Impact Factor 4.157 | CiteScore 3.5
More on impact ›

ORIGINAL RESEARCH article

Front. Psychiatry, 25 September 2020 | https://doi.org/10.3389/fpsyt.2020.576135

Ketamine Administration Leads to Learning-Memory Dysfunction and Decreases Serum Brain-Derived Neurotrophic Factor in Rats

Miao Li1,2,3,4†, Aiming Xie5†, Ya Liu3,6, Qian Zeng3, Shucai Huang7, Qiuping Huang1,2, Tianli Shao1,2, Xinxin Chen1,2, Zhenjiang Liao1,2, Yi Cai8, Zhijie Xiao3, Xiaojie Zhang1,2* and Hongxian Shen1,2*
  • 1Department of Psychiatry, The Second Xiangya Hospital of Central South University, and National Clinical Research Center for Mental Disorders, Changsha, China
  • 2Institute of Mental Health of Central South University, Chinese National Technology Institute on Mental Disorders, Hunan Key Laboratory of Psychiatry and Mental Health, Hunan Medical Center for Mental Health, Changsha, China
  • 3Department of Neurology, The Second Xiangya Hospital, Central South University, Changsha, China
  • 4Department of Neurology, The First Hospital of Changsha, Changsha, China
  • 5Affiliated Wuhan Mental Health Center, Tongji Medical College of Huazhong University of Science & Technology, Wuhan, China
  • 6Department of Neurology, Changsha Central Hospital, Changsha, China
  • 7Department of Psychiatry, The Fourth People’s Hospital of Wuhu, Wuhu, China
  • 8Department of Psychiatry, Geriatric and Somatic Diseases, Brain Hospital of Human Province, Hunan University of Chinese Medicine Clinical College, Hunan Mental Behavior Disorder Research Center, Changsha, China

Objective: This study investigated the effects of acute or chronic ketamine administration on learning and memory function as well as levels of brain-derived neurotrophic factor (BDNF) in the hippocampus and blood in order to explore the potential correlation between learning-memory dysfunction and ketamine.

Methods: Rats were treated with 25 mg/kg ketamine for 3 d (n = 20) or 14 d (n = 20). Saline-treated rats were used as controls. The Morris water maze test was used to evaluate spatial learning and memory after 10 d of withdrawal. The level of BDNF in serum and the hippocampus were measured by ELISA.

Results: The number of platform crossings and residence time in the target platform quadrant were significantly reduced in ketamine 3 d and 14 d groups than in the saline controls (both p < 0.05). In addition, the average escape latency of ketamine 3 d and 14 d groups were significantly longer than that of the saline 3 d and 14 d groups (p < 0.0001), respectively. Further examination found that only serum samples from ketamine 14 d group showed significantly decreased BDNF level compared to that from saline 14 d groups (p < 0.05). However, no differences were detected in hippocampus samples.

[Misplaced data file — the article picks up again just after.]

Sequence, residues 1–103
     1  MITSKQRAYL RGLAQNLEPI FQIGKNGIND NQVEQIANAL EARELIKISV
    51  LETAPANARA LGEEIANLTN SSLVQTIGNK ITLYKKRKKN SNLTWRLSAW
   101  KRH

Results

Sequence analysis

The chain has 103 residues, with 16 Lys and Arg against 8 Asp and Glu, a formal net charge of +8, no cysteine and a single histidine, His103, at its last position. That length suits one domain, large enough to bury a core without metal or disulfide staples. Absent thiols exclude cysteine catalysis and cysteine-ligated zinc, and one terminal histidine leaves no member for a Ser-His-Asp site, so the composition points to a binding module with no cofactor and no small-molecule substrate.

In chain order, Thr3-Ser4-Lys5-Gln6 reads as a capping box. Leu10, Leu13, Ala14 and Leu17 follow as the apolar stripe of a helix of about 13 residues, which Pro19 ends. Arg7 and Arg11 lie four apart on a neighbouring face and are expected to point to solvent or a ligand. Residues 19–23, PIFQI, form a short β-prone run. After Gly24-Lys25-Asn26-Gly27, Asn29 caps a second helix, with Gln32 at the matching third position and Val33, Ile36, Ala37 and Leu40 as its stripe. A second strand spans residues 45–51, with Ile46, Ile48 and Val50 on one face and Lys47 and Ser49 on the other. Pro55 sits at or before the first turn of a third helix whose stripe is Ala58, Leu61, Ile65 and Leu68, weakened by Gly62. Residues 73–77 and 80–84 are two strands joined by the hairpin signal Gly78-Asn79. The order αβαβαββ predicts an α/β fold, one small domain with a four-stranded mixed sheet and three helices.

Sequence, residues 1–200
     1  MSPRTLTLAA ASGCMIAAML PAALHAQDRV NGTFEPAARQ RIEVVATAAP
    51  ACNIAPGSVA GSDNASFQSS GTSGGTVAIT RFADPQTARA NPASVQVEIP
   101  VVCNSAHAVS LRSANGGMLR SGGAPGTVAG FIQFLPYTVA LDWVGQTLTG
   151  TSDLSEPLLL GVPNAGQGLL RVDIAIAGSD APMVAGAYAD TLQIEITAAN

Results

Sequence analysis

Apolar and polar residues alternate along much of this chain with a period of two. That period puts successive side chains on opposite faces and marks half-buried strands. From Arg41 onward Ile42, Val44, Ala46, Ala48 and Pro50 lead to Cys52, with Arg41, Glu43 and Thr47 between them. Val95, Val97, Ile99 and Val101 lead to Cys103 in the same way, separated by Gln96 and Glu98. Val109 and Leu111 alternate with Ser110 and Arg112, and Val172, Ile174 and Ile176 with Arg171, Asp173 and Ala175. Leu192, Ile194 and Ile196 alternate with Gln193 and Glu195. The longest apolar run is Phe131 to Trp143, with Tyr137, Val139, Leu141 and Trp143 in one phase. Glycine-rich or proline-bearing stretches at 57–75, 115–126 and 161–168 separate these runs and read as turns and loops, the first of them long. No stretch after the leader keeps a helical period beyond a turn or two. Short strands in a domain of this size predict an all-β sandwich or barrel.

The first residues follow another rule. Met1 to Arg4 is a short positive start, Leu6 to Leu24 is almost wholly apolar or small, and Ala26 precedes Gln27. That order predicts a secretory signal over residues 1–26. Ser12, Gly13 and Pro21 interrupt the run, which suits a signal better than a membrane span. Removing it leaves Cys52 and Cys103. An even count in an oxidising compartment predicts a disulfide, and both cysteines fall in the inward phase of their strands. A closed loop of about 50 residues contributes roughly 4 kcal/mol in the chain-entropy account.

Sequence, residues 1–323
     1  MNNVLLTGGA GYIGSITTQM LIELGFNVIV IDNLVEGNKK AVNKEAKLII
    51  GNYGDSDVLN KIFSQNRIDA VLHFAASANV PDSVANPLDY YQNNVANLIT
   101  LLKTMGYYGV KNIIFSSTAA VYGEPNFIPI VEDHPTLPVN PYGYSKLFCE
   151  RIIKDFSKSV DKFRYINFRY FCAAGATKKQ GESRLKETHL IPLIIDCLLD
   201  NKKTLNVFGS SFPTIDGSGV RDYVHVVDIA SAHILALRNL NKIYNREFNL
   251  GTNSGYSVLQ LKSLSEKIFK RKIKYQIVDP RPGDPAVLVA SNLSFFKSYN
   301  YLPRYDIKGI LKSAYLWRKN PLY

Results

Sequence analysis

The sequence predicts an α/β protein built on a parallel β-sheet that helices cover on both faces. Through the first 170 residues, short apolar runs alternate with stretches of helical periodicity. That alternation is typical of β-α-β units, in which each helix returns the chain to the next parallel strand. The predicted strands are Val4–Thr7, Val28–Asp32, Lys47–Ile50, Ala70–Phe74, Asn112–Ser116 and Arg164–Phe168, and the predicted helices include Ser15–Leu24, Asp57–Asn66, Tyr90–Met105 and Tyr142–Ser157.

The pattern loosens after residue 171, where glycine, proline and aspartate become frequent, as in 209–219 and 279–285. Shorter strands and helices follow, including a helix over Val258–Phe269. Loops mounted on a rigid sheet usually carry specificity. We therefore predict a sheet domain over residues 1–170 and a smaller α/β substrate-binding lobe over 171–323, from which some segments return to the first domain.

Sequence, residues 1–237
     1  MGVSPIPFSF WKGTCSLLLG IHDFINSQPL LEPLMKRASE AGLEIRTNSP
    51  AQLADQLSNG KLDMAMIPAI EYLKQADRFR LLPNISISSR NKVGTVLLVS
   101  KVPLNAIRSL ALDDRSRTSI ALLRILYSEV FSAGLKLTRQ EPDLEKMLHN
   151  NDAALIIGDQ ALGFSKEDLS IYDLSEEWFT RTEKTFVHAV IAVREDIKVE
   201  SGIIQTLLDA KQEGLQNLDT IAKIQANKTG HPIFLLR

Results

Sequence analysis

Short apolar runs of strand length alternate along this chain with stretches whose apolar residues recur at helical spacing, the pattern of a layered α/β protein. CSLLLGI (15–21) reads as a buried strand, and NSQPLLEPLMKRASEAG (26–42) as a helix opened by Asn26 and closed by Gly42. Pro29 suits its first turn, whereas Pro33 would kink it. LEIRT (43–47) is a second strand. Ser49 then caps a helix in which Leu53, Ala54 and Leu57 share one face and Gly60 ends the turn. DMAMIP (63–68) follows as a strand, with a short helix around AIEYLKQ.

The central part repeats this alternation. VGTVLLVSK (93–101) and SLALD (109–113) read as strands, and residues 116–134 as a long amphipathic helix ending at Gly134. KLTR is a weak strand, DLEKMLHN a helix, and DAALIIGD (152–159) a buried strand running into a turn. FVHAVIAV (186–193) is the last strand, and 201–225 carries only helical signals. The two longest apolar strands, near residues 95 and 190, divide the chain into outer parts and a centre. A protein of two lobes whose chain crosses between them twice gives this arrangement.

Conclusion: Chronic ketamine exposure (25 mg/kg) causes spatial learning and memory deficits in SD rats, which may be associated with decreased serum BDNF levels.

Introduction

Ketamine is a commonly studied psychoactive substance and known drug of abuse. Recently, it has been widely abused as a new type of drug (also known as K powder) due to its addictive properties (1, 2). Ketamine abuse can lead to cognitive impairment (3, 4). Ketamine is an antagonist of the N-methyl-D-aspartate (NMDA) receptor, and can lead to similar symptoms of addiction (5). Recent studies have shown that low-dose ketamine does not have a significant effect on cognition function (6), but sub-anesthetic dose and anesthetic-dose ketamine could cause cognitive impairment by affecting executive function, procedural function, episodic memory, semantic memory, and working memory (2, 6, 7). Importantly, the effects of ketamine vary greatly with duration. In humans, acute ketamine treatment is known to impair episodic and working memory, recognition memory, and procedural learning (7). This has been further confirmed in mice, as chronic ketamine treatment also leads to memory impairment (8). Ketamine can induce behavioral changes in users and this change is related to the frequency and dose of use (9).